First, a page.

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Lost Democracy in the Himalayan Kingdom

Perhaps eclipsed by the new escalating threats of nuclear war between the mega nations of Pakistan and India, the fate of Nepal remains a tattered shred of its former cloth. A tiny country perched on top of the planet and nestled amongst the world's most impressive peaks, Nepal continues to slouch to an all time low.
Lost Democracy in the Himalayan Kingdom
Lost Democracy in the Himalayan Kingdom
It was on this very evening last year that an already crippled economy with the majority of her population struggling merely to survive, learned that the beloved King Birendra had been gunned down at the dinner table under very sketchy circumstances at the royal palace. Even though the incident came as a horrifying shocker and a wallop the size of Mt. Everest, it was only the latest blow in the long lineage of events that solidly confirmed for most Nepalis, that their beloved and hard won democracy had been successfully obliterated. The real heart and soul of the concept had just gone to the dogs - now, only the nine-letter word remained.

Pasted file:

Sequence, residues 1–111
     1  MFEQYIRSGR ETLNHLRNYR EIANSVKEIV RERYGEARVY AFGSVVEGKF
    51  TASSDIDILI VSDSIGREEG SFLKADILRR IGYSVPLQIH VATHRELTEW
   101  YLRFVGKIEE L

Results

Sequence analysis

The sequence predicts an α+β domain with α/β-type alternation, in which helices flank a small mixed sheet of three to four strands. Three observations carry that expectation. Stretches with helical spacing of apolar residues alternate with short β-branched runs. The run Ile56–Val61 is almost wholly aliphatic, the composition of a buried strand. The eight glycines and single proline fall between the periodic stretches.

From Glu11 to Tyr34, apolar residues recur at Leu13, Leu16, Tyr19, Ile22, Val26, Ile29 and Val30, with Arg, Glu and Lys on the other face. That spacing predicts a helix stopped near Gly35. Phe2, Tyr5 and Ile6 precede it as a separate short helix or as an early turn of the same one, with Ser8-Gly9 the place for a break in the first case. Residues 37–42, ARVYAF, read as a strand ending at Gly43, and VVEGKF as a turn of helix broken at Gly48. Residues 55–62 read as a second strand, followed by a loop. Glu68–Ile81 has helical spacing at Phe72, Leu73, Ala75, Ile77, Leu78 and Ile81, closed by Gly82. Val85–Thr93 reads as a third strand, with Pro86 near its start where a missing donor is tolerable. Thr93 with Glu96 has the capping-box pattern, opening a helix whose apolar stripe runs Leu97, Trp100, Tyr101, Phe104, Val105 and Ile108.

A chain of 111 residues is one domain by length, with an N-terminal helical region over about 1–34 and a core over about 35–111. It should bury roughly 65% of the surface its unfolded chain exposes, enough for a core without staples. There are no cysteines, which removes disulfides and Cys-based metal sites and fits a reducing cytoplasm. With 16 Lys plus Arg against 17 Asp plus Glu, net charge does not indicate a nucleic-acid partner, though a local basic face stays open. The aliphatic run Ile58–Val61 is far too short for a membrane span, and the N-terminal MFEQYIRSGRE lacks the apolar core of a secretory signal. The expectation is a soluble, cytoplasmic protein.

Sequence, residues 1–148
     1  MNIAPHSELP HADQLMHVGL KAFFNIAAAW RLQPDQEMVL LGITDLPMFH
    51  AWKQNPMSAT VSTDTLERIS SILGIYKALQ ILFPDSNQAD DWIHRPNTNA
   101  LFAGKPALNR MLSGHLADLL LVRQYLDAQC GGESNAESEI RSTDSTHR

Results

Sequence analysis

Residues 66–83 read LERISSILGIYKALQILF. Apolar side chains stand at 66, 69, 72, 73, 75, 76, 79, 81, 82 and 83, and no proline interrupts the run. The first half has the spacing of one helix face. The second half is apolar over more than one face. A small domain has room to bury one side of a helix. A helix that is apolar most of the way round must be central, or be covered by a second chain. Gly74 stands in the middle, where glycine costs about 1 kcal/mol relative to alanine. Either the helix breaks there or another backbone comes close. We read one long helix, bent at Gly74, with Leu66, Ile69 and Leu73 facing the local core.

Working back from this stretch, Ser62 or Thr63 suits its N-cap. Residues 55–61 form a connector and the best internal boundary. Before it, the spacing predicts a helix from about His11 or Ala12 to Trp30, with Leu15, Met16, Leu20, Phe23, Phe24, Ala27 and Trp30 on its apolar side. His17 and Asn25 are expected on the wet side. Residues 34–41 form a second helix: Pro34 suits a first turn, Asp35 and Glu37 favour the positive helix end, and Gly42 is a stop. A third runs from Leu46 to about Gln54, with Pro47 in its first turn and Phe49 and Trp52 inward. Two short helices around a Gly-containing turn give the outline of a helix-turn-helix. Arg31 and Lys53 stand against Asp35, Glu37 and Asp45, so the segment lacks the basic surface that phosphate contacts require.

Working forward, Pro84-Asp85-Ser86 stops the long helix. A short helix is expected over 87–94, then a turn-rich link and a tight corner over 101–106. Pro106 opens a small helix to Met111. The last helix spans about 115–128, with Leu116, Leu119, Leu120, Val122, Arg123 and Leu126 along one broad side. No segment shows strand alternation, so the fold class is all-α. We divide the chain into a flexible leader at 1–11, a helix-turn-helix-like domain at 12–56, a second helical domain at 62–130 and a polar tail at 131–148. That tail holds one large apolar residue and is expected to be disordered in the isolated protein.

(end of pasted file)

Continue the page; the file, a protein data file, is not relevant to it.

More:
For weeks following the massacre, from day break to sunset, a gender-segregated line snaked down along Tridevi Marg; rows of somber faces in formal attire - each Nepali stood like stone, gripping a clutch of color in hand, and waited patiently for a moment to pay a floral tribute at the front gate of Narayanhity Palace. Beyond the rod iron gate, the mystery and opaque nature of the killings within remained unsolved. Of course the "official" yet waffling government line in the Kathmandu Post each morning reported that Birendra's son had pulled the triggers, double-fisted with an Uzi and an M-16, in a calm yet calculated rage. His shots were accurate, even though he was reportedly dead drunk and under the influence of various narcotics. But the consensus on the street, culled from rickshaw wallahs to various heated tea stall debates, was that something truly rotten was wafting behind the veil of the Himalayan kingdom.